It’s traditional here on MissPres to use the relatively quiet week between Christmas and New Years to look back over the events of the year, both good and bad. Hopefully this will help us take stock and get ready for the new year and new challenges ahead. The first list of the week is the saddest. Here we enumerate the old landmarks of Mississippi that we lost, sometimes due to accidents or acts of God, but mostly by acts of man.
This obviously is not an exhaustive list of historic buildings that were lost in 2010. The list was gathered from newspaper articles throughout the year, as well as word of mouth from friends around the state. If you know of other landmarks that should be included, just comment below and I’ll add those to the list.
Hoopes House, Port Gibson, Claiborne (c.1845): This antebellum hall-and-parlor Greek Revival house sat behind the Methodist Church, just off of Church Street in Port Gibson, a town that loves to trumpet its love of architecture and especially its antebellum past. Unfortunately, the Methodist Church, which I’m told can’t fill its sanctuary due to the declining population, decided a couple of years ago that it needed a prayer garden behind the church instead of the old Hoopes House, so they went to the preservation commission, which said, “no, not really,” and then they went to the Board of Aldermen, which said, “Sure!” After an unsuccessful effort to find someone willing to move the house off, the house was demolished in the summer of 2010. So far, the site sits vacant and bears no resemblance to a prayer garden.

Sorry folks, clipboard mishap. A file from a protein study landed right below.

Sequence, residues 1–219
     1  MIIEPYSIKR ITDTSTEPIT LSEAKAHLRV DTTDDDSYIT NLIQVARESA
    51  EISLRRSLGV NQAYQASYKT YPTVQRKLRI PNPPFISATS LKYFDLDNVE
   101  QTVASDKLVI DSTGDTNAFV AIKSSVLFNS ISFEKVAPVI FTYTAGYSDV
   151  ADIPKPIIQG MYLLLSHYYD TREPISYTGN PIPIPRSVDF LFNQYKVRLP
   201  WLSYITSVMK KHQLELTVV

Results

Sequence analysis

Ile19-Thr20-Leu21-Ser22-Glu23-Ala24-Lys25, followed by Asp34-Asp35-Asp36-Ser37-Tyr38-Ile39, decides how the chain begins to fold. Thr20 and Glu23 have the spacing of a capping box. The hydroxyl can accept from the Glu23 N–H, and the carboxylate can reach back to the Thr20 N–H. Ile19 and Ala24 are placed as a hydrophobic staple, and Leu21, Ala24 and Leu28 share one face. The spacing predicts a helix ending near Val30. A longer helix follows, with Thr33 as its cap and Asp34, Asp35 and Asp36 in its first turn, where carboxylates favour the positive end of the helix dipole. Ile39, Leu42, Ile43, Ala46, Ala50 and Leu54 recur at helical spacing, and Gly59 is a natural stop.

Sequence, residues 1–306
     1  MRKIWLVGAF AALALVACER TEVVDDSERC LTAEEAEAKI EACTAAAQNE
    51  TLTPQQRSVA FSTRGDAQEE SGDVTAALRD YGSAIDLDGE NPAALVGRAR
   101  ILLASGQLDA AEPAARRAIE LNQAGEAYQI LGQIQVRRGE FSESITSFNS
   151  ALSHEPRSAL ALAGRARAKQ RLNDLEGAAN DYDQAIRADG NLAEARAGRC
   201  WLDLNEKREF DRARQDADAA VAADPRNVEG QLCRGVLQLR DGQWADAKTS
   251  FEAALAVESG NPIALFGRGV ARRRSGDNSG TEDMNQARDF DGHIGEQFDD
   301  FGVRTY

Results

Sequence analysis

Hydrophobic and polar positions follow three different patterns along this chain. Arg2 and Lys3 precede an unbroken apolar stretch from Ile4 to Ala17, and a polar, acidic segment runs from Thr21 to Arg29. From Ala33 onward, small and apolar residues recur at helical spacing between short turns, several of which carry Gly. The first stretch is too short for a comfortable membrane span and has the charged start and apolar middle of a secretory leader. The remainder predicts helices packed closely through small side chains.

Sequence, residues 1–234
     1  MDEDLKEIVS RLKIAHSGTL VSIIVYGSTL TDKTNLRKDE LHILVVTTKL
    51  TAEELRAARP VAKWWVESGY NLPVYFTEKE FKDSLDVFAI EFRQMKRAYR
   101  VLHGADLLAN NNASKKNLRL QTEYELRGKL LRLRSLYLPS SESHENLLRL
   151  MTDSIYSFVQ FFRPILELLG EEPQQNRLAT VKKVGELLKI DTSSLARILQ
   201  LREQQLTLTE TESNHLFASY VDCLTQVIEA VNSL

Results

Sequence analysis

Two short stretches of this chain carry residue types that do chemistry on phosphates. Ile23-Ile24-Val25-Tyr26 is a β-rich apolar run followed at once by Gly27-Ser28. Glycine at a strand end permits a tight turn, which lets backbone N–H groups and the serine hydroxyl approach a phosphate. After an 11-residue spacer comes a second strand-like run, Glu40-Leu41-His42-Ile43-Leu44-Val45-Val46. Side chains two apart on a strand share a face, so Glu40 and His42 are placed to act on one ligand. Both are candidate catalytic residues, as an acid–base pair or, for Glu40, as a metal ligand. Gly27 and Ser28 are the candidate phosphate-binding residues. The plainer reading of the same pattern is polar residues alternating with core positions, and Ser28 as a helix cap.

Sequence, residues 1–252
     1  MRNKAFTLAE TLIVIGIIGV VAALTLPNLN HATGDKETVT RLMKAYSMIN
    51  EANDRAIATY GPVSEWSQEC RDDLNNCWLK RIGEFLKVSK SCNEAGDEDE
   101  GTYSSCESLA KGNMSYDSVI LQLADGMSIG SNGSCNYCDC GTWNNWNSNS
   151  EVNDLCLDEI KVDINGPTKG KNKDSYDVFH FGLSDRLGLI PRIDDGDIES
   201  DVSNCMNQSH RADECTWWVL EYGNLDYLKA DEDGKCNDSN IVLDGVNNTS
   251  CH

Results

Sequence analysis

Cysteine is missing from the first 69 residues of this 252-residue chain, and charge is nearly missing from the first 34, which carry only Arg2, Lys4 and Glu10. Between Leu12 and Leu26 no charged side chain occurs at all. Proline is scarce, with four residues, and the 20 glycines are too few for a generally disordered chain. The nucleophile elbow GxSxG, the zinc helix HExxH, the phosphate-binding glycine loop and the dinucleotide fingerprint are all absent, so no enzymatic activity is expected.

Beverly Drive-In Theater, Hattiesburg, Forrest (1948): One of the last and certainly the most impressive remaining drive-in theater in Mississippi, the Beverly was much beloved by the Hattiesburg community, but the owners failed to repair the damage caused by Katrina and the structure went into a steep decline. The Mississippi Heritage Trust included the Beverly on its 10 Most Endangered Properties list in 2007, but the increased attention from around the state and even around the country was unsuccessful in preserving this piece of mid-20th-century Americana. The Beverly succumbed to fire of unknown origin in October 2010.
Capitol Street Church of Christ, Jackson, Hinds (1947): I happened to stop and take pictures of this Gothic Revival style church on Jackson’s West Capitol Street in the fall, following up on a story about a fire in the building in June. At the time I posted the pictures, I still had hope that the building would be repaired, but a trip down Capitol Street in November revealed that the building had already been torn down and a new concrete-block structure was taking its place.
St. Paul Catholic Church, Pass Christian, Harrison (1970): A Modernist landmark along Scenic Drive in Pass Christian, this steel and stained-glass structure was built after the old St. Paul’s was destroyed in Hurricane Camille. Damaged in Katrina, but not, in my opinion, to a level requiring demolition, the building was left open for five years and then became the subject of great community contention when the diocese applied for a demolition permit. The permit was denied by the preservation commission, the denial was overturned by the Board of Aldermen, which action was overridden in a veto by the mayor, whose veto was then overturned by the Aldermen. Apparently there was also a lawsuit by congregants that moved more quickly than lightning through the justice system all the way to the state supreme court, which declined to get involved. The church building was demolished last week. Merry Christmas, Pass Christian!
Ebenezer Baptist Church and Cemetery, Ebenezer, Holmes (c.1880): Built sometime in the 1870s or 1880s, this vernacular frame church building served its rural Holmes County community until it was completely destroyed in the devastating tornado that swept through from Warren and Yazoo counties up to the north central parts of the state.
Avent’s Gin, Oxford, Lafayette (c.1930): A landmark in downtown Oxford, the old cotton gin turned bar went down in flames in early March. Several MissPresers have admitted to either dancing on the tables here or observing others dancing on the tables.